Making Sense Of AIDS: Culture, Sexuality, and Power in Melanesia

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University of Hawaii Press, 2008 - Health & Fitness - 320 pages
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In Melanesia, rates of HIV infection are among the highest in the Pacific and increasing rapidly, with grave humanitarian, development, and political implications. There is a great need for social research on HIV/AIDS in the region to provide better insights into the sensitive issues surrounding HIV transmission. This collection, the first book on HIV and AIDS in the Pacific region, gathers together stunning and original accounts of the often surprising ways that people make sense of the AIDS epidemic in various parts of Melanesia. The volume addresses substantive issues concerning AIDS and contemporary sexualities, relations of power, and moralities - themes that provide a powerful backdrop for twenty-first century understandings of the tensions between sexuality, religion, and politics in many parts of the world.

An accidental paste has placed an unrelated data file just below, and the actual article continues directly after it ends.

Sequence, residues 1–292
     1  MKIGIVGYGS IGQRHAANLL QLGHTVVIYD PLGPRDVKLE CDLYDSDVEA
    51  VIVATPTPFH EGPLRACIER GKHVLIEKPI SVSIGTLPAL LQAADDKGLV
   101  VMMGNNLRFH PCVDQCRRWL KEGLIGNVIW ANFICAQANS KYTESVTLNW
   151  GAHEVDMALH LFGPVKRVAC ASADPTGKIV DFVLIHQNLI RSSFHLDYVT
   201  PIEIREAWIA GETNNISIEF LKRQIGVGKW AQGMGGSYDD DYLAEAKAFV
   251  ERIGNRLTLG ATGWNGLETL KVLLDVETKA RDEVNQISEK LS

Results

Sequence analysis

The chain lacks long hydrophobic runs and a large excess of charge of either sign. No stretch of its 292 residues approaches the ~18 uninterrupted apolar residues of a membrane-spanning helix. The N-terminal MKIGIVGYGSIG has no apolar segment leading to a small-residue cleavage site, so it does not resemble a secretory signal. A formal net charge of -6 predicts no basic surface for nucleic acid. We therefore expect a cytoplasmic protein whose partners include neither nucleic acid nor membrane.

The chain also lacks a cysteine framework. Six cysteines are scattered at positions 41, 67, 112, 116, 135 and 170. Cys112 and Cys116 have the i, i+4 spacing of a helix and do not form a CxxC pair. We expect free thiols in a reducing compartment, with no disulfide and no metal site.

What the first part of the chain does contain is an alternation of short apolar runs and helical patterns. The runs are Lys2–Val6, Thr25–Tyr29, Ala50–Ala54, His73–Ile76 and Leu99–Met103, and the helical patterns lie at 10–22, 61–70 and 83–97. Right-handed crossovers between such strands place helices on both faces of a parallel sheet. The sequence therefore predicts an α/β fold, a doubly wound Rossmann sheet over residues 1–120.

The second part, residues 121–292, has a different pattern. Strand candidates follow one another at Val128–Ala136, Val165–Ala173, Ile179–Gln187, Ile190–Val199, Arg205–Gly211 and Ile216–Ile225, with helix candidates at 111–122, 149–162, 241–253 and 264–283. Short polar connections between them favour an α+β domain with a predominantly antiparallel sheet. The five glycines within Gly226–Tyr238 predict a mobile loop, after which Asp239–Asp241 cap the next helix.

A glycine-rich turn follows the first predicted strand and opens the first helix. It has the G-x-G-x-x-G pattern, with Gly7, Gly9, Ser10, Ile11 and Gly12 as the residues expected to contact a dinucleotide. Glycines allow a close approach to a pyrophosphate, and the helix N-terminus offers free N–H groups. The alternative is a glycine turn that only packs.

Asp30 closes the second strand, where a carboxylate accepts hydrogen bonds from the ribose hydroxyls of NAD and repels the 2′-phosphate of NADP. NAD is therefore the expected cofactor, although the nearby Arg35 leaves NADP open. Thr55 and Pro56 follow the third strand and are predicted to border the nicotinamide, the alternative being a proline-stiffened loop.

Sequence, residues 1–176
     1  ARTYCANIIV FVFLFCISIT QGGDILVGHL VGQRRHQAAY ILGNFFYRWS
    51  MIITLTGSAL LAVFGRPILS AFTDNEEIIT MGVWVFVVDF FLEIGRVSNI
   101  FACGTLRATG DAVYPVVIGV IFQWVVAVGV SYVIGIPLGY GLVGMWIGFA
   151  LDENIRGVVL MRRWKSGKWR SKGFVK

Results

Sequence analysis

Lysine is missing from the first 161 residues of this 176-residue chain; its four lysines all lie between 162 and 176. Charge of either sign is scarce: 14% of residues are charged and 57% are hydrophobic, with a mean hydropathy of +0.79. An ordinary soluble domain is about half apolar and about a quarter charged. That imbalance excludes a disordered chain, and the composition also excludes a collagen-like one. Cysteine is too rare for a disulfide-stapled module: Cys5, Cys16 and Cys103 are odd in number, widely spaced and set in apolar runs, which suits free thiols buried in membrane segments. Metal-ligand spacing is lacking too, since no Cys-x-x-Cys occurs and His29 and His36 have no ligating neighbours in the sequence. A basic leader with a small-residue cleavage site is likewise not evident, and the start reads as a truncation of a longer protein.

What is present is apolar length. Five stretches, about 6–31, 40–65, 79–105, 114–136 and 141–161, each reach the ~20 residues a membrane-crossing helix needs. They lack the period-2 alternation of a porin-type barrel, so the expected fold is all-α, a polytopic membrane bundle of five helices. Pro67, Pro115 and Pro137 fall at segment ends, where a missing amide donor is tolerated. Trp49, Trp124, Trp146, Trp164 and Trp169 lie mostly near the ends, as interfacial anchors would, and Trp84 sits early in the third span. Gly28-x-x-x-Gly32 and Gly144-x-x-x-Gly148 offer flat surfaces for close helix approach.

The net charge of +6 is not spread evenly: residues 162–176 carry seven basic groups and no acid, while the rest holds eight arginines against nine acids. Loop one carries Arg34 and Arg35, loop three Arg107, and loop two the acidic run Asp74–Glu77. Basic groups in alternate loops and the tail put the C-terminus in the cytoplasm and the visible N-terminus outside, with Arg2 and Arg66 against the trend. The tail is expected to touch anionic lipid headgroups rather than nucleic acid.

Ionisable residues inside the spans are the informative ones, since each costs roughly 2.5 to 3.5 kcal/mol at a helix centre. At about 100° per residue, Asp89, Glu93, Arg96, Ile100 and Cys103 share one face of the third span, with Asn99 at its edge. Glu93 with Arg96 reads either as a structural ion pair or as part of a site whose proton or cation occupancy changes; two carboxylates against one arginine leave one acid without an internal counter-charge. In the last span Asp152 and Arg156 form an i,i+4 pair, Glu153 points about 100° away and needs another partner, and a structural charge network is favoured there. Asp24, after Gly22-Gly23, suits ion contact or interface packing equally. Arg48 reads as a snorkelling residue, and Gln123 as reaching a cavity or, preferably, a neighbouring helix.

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Contents

IV
1
V
24
VI
41
VII
60
VIII
80
IX
97
X
116
XI
133
XIV
187
XV
206
XVI
224
XVII
246
XVIII
267
XIX
279
XX
307
XXI
309

XII
150
XIII
168

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About the author (2008)

Leslie Butt is associate professor in the Department of Pacific and Asian Studies at the University of Victoria, Canada.

Nicholas Thomas is Director of the Centre for Cross-Cultural Research at the Australian National University. His books include In Oceania: Visions, Artifacts, Histories, also published by Duke University Press. Richard Eves is an Australian Research Council Postdoctoral Fellow, also at the Centre for Cross-Cultural Research at the Australian National University. He is the author of The Magical Body: Power, Fame, and Meaning in a Melanesian Society.

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